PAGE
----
Separating blood into its various components allows a single unit of blood to benefit several patients and provides a patient only the blood component which is needed. About 91% of the blood collected in high-income countries, 72% in middle-income countries and 31% in low-income countries is separated into blood components.

10. Unnecessary transfusions expose patients to needless risk.
Often transfusions are prescribed when simple and safe alternative treatments might be equally effective. As a result such a transfusion may not be necessary. An unnecessary transfusion exposes patients to the needless risk of infections or severe transfusion reactions

From - WHO

Friday, December 3, 2010

International Day of Disabled Persons 2010 - December 3rd



International Day of Persons with Disabilities is annually observed on 3 December with an objective to promote an awareness of disability issues, the fundamental rights of persons with disabilities and integration of persons with disabilities in the main stream of each aspect of the social, political, economic and cultural status of their communities. The day extends an opportunity to initialize action to reach the target of full and equal pleasure of human rights and contribution in society by disabled persons, launched by the World Program of Action for Disabled Persons, declared by the UN General Assembly in the year 1982.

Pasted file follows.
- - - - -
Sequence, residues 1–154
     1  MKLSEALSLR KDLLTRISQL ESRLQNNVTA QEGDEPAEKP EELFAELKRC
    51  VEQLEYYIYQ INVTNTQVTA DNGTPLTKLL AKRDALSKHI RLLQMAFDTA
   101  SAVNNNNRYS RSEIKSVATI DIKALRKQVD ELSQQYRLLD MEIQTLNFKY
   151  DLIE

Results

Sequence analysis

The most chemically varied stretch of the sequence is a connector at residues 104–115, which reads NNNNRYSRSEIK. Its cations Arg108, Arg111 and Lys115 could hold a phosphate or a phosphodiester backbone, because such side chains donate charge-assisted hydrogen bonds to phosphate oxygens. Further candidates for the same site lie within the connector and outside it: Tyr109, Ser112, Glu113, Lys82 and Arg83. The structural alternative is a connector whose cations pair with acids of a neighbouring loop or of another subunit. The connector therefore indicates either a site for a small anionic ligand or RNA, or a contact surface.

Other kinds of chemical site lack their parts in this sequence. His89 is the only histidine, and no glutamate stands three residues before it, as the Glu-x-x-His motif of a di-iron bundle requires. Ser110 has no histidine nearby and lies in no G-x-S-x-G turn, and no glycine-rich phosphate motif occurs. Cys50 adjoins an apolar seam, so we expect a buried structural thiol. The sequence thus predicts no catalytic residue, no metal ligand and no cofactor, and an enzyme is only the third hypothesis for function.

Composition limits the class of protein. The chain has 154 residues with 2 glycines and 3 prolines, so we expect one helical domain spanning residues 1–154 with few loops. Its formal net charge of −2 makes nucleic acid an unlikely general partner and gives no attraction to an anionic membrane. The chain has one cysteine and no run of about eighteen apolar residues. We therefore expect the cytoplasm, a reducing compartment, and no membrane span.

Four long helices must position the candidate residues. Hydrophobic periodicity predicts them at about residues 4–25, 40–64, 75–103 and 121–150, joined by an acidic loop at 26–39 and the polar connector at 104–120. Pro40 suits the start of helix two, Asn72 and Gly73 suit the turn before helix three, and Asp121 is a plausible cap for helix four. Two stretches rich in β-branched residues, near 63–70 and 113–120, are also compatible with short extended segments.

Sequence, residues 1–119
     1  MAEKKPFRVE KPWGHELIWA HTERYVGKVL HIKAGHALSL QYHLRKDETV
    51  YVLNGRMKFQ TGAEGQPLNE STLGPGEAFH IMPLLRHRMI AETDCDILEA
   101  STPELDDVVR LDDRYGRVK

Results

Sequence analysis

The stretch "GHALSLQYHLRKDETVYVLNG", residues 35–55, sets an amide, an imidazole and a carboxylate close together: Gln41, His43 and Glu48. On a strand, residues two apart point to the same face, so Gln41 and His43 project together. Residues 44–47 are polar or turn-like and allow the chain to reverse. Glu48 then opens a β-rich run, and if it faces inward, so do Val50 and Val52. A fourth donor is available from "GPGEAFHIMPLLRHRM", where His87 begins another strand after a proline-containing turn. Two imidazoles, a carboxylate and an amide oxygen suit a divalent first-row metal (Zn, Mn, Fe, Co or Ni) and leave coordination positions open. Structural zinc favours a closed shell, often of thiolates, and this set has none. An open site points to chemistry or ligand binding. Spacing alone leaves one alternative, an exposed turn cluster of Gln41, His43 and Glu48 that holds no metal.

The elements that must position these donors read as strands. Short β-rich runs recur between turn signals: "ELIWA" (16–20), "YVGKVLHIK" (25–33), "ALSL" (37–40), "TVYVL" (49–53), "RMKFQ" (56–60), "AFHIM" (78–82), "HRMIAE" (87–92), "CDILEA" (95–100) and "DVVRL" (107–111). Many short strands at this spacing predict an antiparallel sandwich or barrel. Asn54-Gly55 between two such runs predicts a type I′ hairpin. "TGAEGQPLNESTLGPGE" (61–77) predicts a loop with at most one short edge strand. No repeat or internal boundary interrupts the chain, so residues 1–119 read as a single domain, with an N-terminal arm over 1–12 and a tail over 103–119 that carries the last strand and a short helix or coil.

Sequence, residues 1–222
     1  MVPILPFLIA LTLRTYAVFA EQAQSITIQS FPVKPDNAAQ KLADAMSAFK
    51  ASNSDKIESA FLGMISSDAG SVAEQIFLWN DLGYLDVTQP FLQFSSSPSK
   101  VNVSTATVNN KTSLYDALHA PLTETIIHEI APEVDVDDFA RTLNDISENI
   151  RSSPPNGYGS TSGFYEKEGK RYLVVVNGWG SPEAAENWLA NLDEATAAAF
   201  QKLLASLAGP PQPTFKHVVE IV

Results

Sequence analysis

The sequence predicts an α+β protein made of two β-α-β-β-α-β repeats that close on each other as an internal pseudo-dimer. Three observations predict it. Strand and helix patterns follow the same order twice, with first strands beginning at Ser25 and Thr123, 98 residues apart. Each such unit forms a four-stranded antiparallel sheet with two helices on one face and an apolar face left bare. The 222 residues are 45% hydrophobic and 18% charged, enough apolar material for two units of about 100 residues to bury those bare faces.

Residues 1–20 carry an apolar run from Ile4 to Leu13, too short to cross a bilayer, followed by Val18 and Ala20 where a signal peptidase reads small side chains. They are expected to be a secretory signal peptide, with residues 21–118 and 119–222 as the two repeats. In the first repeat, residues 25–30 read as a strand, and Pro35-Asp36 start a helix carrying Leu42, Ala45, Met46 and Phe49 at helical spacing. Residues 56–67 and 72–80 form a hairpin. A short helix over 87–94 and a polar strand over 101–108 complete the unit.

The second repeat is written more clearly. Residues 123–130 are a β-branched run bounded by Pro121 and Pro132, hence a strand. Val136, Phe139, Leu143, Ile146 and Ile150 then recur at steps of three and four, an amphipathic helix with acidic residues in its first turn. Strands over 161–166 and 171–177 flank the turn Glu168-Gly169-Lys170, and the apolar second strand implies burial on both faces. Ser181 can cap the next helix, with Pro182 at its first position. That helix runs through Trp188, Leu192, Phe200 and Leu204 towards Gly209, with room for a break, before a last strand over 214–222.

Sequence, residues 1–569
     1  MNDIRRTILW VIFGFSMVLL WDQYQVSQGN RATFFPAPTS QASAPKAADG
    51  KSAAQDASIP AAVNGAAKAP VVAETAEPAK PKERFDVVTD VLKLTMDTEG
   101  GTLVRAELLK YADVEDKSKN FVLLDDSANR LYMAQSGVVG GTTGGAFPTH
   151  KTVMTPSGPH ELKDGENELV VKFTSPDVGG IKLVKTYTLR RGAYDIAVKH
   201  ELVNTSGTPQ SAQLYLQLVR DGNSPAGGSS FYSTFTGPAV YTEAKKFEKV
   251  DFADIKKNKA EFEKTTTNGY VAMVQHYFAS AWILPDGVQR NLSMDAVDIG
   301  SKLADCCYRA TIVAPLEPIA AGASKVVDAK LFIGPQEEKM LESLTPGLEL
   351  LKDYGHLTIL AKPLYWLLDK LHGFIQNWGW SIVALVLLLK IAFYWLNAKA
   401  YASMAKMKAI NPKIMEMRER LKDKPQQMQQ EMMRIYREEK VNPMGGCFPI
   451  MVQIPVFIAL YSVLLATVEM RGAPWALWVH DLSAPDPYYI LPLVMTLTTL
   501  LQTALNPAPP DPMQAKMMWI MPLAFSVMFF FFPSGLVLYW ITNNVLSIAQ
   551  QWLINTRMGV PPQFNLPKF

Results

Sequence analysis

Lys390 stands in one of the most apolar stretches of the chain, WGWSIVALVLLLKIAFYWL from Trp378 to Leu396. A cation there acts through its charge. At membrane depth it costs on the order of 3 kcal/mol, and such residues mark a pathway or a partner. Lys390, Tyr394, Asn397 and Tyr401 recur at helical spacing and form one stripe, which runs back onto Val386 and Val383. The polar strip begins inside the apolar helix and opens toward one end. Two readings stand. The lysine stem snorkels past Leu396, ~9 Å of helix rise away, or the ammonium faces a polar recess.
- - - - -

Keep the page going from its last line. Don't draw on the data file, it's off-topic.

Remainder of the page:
History of United Nations and Disable Persons

Over the period of the United Nations' first 50 years, disable persons have become importantly proactive in asserting empowerment and confidence in their own respective abilities to lead self-dependent lives. The following precise history represents efforts by the UN which have endorsed their efforts.